The United Nations diplomat Sérgio Vieira de Mello has been described as a cross between James Bond and Bobby Kennedy, which sounds like a compelling enough pitch for a film on its own.
The Brazilian-born de Mello spent 34 years at the U.N., involved in clearing land mines in Cambodia, leading East Timor to independence from Indonesia and serving as a U.N. Special Representative in Iraq in 2003 at the time of the Canal Hotel bombing. He was even considered a likely successor to Secretary-General Kofi Annan.
Netflix presents a film directed by Greg Barker and written by by Craig Borten. Rated R (for language, some bloody images and a scene of sexuality). Running time: 118 minutes. Streaming now on Netflix.
But you’d be forgiven for drawing a blank at the mention of his name. Filmmaker Greg Barker even called him “the most important guy you’ve never heard of.” His fascination with the charismatic diplomat has spanned more than a decade and been the subject of two films: a short documentary and a fictionalized feature-length drama starring Wagner Moura and Ana de Armas that just debuted on Netflix.
“Sergio” the feature is a handsome-looking, serious and solidly adult geopolitical drama that neither talks down to uninformed viewers nor requires a master’s degree to understand. It begins intriguingly enough, as de Mello (Moura) arrives in Baghdad and immediately starts clashing with the United States’ Paul Bremer (Bradley Whitford) over objectives.
De Mello empathizes with the Iraqis and wonders how he would feel seeing foreign troops on the streets of his hometown of Rio de Janeiro (not good). Bremer, however, believes that the U.N. is there at the pleasure of the U.S., talking about liberation and independence while doing what appears to be the exact opposite.
But de Mello is no shrinking violet and knows that he’s there as an independent entity and isn’t afraid to say so to the press. It’s all rather exciting, although the 20-20 hindsight feels a little oversimplified. The escalation continues and de Mello has decided to expose all the human rights violations of the U.S. to the security council when things come to a sudden halt: A bomb goes off and he wakes up pinned under a pile of rubble.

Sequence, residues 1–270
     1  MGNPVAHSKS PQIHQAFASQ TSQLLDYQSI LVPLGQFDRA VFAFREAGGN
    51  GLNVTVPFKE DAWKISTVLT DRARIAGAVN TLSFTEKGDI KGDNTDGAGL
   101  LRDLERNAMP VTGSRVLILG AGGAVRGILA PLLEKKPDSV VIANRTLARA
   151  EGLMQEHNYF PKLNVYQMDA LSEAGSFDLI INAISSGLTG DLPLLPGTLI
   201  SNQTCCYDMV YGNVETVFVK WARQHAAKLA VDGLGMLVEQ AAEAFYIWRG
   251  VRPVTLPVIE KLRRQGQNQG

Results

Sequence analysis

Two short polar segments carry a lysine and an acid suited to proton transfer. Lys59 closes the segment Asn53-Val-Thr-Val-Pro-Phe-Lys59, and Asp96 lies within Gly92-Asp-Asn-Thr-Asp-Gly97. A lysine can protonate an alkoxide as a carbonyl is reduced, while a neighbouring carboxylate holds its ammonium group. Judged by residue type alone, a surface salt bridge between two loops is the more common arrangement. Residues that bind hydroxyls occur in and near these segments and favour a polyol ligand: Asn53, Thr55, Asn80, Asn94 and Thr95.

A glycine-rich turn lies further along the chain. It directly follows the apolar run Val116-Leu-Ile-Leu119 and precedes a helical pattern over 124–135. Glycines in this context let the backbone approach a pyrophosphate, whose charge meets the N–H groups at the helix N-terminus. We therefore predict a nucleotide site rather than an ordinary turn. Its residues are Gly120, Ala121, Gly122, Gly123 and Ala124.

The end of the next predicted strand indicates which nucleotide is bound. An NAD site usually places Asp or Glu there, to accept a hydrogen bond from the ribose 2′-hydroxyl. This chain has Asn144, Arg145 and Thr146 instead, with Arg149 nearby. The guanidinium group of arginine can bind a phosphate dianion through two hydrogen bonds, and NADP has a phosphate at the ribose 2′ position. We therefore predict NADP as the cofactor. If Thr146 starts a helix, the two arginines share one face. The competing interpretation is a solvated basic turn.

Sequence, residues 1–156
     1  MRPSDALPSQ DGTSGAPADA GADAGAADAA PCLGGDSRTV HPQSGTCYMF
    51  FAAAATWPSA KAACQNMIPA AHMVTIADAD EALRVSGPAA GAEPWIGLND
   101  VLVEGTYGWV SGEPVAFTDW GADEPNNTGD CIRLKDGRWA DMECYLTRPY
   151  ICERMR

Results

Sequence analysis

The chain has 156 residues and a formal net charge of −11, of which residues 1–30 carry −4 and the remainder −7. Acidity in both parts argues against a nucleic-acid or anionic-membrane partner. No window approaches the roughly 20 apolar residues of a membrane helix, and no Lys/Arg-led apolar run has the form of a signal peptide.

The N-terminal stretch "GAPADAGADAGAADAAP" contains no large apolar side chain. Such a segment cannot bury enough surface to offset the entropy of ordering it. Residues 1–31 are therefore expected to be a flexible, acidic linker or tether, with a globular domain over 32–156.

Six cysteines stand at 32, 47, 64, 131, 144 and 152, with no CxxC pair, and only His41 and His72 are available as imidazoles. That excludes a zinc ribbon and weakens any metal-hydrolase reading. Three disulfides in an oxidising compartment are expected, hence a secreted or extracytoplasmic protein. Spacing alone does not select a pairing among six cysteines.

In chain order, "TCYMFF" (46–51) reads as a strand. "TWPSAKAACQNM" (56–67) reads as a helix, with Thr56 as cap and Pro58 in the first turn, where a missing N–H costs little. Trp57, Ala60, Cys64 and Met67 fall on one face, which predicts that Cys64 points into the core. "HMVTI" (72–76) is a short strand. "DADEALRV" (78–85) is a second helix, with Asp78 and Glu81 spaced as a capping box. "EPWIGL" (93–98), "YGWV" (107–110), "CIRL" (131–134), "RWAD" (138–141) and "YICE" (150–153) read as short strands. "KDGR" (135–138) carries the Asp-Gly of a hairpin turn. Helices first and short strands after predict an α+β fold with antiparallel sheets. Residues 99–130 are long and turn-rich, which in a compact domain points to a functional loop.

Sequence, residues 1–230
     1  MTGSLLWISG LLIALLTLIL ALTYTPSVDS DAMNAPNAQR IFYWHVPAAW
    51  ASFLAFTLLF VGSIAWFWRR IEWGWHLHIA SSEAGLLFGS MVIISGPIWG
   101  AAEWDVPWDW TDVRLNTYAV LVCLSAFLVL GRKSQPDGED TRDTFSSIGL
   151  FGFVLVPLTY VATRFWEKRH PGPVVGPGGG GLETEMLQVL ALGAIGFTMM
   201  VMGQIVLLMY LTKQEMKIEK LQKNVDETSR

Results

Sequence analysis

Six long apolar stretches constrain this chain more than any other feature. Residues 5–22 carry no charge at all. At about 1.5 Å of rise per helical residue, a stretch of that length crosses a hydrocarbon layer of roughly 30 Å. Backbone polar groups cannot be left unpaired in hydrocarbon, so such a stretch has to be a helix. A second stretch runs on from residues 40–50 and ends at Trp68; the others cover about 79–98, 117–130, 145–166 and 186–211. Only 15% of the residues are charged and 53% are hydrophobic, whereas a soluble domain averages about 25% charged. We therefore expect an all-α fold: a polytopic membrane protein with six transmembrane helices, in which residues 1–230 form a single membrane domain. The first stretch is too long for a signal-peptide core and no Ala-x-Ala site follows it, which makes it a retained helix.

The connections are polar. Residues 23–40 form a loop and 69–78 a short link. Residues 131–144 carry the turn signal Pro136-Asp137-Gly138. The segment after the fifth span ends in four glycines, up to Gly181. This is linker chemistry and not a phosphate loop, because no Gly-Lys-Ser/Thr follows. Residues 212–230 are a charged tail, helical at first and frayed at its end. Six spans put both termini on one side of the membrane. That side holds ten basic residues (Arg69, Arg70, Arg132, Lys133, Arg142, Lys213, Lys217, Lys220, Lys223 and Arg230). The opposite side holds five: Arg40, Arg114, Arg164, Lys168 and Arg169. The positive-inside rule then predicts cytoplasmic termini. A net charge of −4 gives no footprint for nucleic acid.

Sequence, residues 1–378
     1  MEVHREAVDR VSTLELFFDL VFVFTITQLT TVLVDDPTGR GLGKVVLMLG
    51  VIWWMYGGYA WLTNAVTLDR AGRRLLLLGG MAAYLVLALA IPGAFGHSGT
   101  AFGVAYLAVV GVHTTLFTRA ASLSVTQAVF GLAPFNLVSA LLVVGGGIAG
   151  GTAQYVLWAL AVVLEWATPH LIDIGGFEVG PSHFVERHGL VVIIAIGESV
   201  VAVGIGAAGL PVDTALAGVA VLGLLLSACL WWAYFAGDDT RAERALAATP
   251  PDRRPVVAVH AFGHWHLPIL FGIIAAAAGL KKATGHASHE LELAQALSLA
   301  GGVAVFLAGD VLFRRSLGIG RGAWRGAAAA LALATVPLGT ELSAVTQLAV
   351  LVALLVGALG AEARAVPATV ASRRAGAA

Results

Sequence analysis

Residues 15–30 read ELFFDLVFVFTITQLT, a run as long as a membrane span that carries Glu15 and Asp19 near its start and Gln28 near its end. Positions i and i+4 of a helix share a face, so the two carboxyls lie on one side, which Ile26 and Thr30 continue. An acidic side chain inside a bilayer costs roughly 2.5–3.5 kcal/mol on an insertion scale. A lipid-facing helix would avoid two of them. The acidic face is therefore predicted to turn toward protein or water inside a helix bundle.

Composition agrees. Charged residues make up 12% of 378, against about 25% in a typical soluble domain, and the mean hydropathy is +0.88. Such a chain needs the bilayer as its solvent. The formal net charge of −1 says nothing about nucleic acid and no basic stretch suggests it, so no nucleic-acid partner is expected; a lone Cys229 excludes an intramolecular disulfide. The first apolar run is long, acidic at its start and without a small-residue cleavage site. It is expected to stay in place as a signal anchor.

The script, from “Dallas Buyers Club” co-writer Craig Borten, tells the story from there as a series of flashbacks to his time in East Timor, a pivotal moment in his career and life when he meets de Armas’ Carolina Larriera, interspersed with the aftermath of the Baghdad bombing as soldiers scramble to save de Mello and refugee expert Gil Loescher (Brian F. O’Byrne).
There’s a natural engine to the narrative, and the movie star charisma of de Armas and Moura, along with their palpable chemistry, helps drive interest for a while. She’s an economic consultant who enchants de Mello with her talk of microfinance. Their romance has a very old-Hollywood charm and excitement to it.
But you’re always waiting for the movie to really get going. It’s shot like a political thriller without the thrills. Perhaps that’s because the bombing happens so early on and there’s no climax that everything is building toward — just a sober ending.
The situation in Baghdad, even before the bombing, could have provided more than enough drama to sustain a feature. But “Sergio” wants to be more sweeping than that — romantic, dramatic and political — and we’re left with something that never exactly reaches the full promise of “James Bond meets Bobby Kennedy.”
It’s not that “Sergio” is bad — far from it — but it’s not necessarily going to keep you glued to the screen either.